Rep. William H. Gray III (D-Pa.) told the National Urban League convention yesterday that the Democratic Party has been moving "slowly" in helping minorities and that he thinks that blacks and women will have to change the party to achieve their goals.
In a spirited speech filled with biblical metaphors and a preacher's cadence, Gray, the chairman of the House Budget Committee, attacked the Republican Party for "taking from the needy and giving to greedy."
Gray told the audience that he had "chosen the Democratic Party despite its faults and its failures" and said he won his congressional seat by fighting former Philadelphia mayor Frank Rizzo and the Democratic Party leadership in Pennsylvania.
"But really the question minorities must ask themselves," he said, "is which vehicle political party is moving in the right direction, even if it is slowly, haltingly. The one moving toward Canaan a spiritual promised land or the one moving toward Egypt a place of corruption, in the analogy ."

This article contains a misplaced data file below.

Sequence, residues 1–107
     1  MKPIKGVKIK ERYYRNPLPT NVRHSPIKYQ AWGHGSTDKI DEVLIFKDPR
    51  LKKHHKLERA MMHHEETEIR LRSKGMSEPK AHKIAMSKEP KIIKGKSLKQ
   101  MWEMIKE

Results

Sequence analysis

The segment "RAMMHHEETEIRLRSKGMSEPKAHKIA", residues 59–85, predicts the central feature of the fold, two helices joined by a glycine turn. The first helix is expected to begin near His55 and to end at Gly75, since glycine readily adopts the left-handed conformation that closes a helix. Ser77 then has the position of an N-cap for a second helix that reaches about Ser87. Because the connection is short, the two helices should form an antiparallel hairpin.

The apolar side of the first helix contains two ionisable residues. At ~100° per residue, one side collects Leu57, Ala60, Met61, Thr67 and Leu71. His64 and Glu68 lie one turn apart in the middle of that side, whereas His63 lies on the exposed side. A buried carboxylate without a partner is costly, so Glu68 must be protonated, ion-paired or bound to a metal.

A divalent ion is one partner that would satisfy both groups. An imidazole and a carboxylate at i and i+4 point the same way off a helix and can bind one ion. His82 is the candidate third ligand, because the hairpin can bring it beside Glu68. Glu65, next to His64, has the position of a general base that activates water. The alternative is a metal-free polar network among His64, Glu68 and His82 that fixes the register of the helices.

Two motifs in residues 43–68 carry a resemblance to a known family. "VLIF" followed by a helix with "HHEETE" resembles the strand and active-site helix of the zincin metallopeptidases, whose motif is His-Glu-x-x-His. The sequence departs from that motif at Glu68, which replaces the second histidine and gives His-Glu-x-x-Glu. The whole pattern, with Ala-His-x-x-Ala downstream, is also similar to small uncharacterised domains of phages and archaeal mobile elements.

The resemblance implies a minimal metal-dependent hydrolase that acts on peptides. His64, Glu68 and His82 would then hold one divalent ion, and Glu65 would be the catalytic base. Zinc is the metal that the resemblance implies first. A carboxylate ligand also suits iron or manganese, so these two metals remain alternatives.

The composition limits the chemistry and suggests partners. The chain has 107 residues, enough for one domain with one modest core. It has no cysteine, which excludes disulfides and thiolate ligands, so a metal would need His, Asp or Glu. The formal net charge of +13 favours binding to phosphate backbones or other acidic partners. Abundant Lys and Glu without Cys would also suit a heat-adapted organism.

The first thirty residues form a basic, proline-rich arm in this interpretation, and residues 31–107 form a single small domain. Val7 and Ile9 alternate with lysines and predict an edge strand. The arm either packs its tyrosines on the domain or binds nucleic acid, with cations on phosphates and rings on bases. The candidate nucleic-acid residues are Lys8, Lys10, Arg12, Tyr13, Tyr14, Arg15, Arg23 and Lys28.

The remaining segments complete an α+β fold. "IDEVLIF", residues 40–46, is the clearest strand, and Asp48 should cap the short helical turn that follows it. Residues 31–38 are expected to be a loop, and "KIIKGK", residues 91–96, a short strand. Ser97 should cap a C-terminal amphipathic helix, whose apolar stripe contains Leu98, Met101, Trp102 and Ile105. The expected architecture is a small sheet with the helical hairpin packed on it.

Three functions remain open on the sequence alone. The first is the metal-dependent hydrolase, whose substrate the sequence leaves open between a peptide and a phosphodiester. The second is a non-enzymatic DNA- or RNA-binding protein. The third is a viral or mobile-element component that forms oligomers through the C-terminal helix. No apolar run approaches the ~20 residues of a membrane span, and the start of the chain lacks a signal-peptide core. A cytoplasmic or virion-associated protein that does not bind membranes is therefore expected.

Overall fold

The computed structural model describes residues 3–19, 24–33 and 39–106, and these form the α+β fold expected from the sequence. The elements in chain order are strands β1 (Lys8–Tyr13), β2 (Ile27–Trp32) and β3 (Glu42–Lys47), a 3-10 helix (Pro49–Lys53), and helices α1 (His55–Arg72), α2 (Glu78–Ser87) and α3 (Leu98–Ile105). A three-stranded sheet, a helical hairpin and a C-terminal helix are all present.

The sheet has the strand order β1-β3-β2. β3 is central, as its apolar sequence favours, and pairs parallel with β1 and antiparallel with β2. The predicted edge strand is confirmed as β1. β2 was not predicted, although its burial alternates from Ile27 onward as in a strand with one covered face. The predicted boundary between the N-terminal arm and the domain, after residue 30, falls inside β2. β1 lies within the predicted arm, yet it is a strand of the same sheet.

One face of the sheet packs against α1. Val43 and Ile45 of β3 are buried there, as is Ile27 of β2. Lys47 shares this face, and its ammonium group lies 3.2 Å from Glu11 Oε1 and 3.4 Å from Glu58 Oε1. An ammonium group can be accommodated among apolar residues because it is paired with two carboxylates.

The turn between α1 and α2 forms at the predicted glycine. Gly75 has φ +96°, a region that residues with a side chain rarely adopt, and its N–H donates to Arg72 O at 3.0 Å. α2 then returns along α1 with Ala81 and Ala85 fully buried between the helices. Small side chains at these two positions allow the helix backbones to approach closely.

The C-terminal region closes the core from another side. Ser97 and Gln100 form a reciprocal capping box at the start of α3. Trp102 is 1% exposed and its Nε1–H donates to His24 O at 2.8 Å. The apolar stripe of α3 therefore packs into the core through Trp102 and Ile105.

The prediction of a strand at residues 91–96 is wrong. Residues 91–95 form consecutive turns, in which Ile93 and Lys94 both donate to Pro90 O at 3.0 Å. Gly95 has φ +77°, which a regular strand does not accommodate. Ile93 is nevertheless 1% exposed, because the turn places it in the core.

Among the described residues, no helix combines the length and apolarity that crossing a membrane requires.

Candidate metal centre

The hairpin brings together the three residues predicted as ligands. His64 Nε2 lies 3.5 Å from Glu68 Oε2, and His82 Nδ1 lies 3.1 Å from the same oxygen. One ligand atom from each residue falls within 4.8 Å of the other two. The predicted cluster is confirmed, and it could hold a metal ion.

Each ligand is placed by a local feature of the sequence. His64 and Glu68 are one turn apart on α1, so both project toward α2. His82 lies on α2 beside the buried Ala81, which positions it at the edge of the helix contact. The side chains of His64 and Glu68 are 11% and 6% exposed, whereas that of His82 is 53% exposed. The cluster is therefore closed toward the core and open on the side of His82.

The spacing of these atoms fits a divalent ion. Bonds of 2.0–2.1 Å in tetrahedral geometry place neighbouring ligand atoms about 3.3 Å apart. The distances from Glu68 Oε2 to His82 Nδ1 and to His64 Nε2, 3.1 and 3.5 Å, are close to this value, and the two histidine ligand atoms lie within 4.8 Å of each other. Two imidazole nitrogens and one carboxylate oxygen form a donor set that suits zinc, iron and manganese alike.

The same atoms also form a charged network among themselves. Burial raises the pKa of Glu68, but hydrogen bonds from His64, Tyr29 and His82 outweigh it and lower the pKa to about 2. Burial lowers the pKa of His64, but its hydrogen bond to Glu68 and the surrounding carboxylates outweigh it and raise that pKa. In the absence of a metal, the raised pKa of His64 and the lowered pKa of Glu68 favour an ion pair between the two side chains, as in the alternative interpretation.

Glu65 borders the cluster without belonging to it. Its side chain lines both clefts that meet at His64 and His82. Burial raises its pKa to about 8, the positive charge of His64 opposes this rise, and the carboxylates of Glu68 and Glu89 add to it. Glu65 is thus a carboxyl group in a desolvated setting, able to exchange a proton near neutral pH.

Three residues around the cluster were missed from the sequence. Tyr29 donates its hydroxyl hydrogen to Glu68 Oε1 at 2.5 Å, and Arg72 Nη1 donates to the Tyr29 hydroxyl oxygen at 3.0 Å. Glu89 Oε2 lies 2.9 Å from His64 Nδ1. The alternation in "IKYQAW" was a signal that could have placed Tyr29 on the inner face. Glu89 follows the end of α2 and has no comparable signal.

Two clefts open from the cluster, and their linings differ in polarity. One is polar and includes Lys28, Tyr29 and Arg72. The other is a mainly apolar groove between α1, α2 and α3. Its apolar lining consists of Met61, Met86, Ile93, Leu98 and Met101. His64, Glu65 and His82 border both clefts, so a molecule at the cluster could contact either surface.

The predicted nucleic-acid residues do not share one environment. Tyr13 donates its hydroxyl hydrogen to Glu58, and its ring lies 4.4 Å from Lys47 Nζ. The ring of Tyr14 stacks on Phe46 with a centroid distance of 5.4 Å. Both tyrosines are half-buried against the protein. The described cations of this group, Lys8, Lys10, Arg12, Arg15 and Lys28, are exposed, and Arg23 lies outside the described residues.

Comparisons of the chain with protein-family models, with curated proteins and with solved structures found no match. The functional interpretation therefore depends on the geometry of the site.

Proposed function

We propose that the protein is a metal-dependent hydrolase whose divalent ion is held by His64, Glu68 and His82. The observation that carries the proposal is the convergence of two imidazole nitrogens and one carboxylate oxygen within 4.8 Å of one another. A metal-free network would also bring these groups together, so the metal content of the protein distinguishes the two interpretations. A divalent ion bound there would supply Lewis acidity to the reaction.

Gray said he chose the Democratic Party "in the hope that my presence can make it move a little faster . . . . " But he said women and minorities will have to "get off that vehicle and walk that last mile to freedom by themselves."
Gray said later that minorities and women will have to "outside the party and redefine its goals and then wait for the party to catch up." He said he does not favor having blacks desert the party.
"The vehicle can only go so far," he said. "So then we will have to push the vehicle or walk down the road and say, 'Come on.' "
Senate Majority Leader Robert J. Dole (R-Kan.), in a separate appearance, defended his party, saying that the "light of conscience has not gone out." He cited himself and a half-dozen other Republicans in Congress as evidence that Republicans are not "insensitive to the needs of the disadvantaged and poor."
"If you don't like what you see in the Republican Party, and not many groups are perfect, the best way to bring about change is to join the internal debates . . . ," Dole said.
"So now some experts say, 'Why bother? The Republican Party doesn't need the black vote anyway, and besides they're blacks tied permanently to the Democratic Party,' " he added. "Now I don't subscribe to this theory, as I believe that over the next several years we can move more quickly toward majority status if inroads are made into the black vote."
Rep. Mickey Leland (D-Tex.), head of the Congressional Black Caucus, attacked the Reagan administration, saying that blacks "have fallen prey to a willful, deliberate policy of terrorizing the spirit and substance of those mired in urban and rural poverty . . . . "